Fraudsters have tended to favor payment cards issued in the U.S. or Canada, and to a lesser extent Western Europe. But security experts say fraud controls in these regions have been continuing to improve, enabling card issuers to more rapidly block fraud.
Banks in emerging markets, such as Pakistan, however, "frequently do not have adequate anti-fraud control," allowing attackers to perpetrate a number of different types of fraud, Group-IB says.
The latest dumps of Pakistani payment card data to Joker's Stash follow earlier dumps, Group-IB says:
- Oct. 26, 2018: 10,467 payment cards issued by smaller Pakistani banks posted for sale.
- Oct. 31, 2018: 11,795 cards issued by banks in Pakistan and others in the region posted.
- Early November 2018: 177,878 payment cards from a number of international banks offered for sale. Cards from major Pakistani banks, including Habib Bank, MCB Bank Limited and Allied Bank Limited, were part of the dump.
The State Bank of Pakistan responded to those data dumps via a statement it issued on Nov. 6, 2018, saying that none of the country's banks had been hacked. But in response to the payment card data breach, SBP says some banks did restrict the use of payment cards internationally, requiring approval from customers prior to any international transaction being approved.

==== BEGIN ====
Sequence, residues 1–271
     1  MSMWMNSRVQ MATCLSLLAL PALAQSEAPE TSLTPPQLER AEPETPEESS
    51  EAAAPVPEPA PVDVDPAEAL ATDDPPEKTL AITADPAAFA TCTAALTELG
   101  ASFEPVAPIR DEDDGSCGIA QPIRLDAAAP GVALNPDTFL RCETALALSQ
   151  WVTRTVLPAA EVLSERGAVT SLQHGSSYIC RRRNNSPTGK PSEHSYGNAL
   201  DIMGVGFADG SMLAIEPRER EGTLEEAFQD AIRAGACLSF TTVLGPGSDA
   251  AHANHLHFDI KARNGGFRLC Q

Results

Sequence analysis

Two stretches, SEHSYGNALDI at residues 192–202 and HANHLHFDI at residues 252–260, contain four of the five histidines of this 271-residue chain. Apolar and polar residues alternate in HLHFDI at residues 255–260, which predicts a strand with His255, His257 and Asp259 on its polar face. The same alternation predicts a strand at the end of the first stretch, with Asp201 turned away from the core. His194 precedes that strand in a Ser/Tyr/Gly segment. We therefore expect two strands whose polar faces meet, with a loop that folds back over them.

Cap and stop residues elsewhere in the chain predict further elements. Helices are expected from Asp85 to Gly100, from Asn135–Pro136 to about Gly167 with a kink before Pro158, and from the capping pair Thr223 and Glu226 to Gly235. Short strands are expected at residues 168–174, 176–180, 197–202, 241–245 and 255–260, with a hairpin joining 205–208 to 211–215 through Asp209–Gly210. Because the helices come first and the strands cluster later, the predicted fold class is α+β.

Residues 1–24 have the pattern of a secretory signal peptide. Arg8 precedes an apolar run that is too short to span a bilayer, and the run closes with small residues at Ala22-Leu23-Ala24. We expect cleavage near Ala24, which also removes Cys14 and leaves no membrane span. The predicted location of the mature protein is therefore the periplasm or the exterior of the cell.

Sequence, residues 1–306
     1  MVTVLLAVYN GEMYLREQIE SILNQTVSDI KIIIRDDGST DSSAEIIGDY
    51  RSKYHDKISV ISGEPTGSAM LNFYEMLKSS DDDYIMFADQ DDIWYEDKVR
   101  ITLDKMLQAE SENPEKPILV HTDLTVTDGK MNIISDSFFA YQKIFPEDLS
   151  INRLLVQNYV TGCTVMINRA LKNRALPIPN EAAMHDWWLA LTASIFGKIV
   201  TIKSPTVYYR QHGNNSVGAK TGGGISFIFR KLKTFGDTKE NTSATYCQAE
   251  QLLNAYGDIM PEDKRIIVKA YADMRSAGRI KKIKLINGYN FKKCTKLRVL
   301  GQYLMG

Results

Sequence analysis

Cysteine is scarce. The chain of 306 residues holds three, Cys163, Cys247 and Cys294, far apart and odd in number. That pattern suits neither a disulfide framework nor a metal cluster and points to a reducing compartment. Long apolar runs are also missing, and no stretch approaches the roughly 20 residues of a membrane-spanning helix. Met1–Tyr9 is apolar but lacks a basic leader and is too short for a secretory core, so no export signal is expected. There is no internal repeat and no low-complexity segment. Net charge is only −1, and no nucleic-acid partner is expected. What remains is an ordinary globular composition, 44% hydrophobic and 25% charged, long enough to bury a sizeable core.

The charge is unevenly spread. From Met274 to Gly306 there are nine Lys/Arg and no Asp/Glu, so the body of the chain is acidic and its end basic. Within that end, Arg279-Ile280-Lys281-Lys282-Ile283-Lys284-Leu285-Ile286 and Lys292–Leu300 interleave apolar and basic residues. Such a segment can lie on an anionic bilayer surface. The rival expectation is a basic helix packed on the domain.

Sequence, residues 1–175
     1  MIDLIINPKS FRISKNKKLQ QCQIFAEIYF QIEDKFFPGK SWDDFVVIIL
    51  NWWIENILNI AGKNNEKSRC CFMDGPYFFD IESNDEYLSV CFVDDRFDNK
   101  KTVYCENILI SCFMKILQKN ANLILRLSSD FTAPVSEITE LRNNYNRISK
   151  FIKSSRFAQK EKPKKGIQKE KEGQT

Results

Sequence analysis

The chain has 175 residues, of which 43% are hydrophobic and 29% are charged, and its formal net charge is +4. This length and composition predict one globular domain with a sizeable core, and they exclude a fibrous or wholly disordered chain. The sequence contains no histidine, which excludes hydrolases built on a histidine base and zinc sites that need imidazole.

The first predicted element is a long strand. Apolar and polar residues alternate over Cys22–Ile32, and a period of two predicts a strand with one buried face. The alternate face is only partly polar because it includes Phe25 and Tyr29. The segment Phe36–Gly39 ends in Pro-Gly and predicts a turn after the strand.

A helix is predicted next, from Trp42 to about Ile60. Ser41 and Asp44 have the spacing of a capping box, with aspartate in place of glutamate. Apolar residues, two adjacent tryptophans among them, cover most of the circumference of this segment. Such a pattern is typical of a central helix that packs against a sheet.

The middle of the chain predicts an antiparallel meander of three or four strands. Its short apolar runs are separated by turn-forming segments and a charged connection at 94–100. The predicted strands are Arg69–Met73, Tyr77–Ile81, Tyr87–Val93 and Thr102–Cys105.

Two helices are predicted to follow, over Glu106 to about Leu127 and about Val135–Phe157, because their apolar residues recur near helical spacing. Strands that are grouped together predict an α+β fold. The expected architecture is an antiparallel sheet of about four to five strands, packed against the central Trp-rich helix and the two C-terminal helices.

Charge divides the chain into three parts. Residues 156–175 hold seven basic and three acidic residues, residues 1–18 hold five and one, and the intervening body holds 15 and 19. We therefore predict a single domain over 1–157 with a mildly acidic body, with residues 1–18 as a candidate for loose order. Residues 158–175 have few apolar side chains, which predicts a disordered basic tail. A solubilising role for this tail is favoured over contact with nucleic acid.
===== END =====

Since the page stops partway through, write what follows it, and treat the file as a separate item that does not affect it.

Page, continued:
Frequent Targets: POS Systems, ATMs
The appearance of fresh card data on Joker's Stash often sends banks and card issuers scrambling in an attempt to determine the origin of the data. Such dumps have sometimes offered the first clues that an organization was hacked, potentially by attackers having infected its point-of-sale systems with RAM-scraping malware, then exfiltrated massive quantities of payment card data (see: Fast-Food Chain Sonic Investigates Potential Card Breach).
Another potential target: Bank ATMs into which gangs have installed physical skimmers, aka "cutlets," that record magnetic card data and record video, allowing attackers to "read" victims' PIN codes (see: Cybercrime Gangs Advertise Fresh Jobs, Hacking Services).
Magecart at Work
Joker's Stash has continued to serve as the carder marketplace of choice for many cybercriminals, including some of the groups known as Magecart.
"Magecart is an umbrella term given to at least seven cybercriminal groups that are placing digital credit card skimmers on compromised e-commerce sites at an unprecedented rate and with frightening success," according to security firms RiskIQ and Flashpoint.
The firms say one of the more advanced Magecart gangs, known as Group 6, tends to only sell stolen card data on Joker's Stash. Group 6 has been tied to the breach of e-commerce site Newegg, as well as U.K. flagship carrier British Airways, which is owned by International Airlines Group.
'Formjacking' on the Increase
The security firm estimates that 4,800 new websites fall victim to formjacking attacks each month.
"Requiring only a few simple lines of code loaded onto a website, formjacking represents a significant threat to online retailers or anyone who collects personally identifiable information from their customers via their website," Symantec's report says.
Group-IB says that on average, a total of 1.8 million new payment cards get offered for sale on carder sites each month.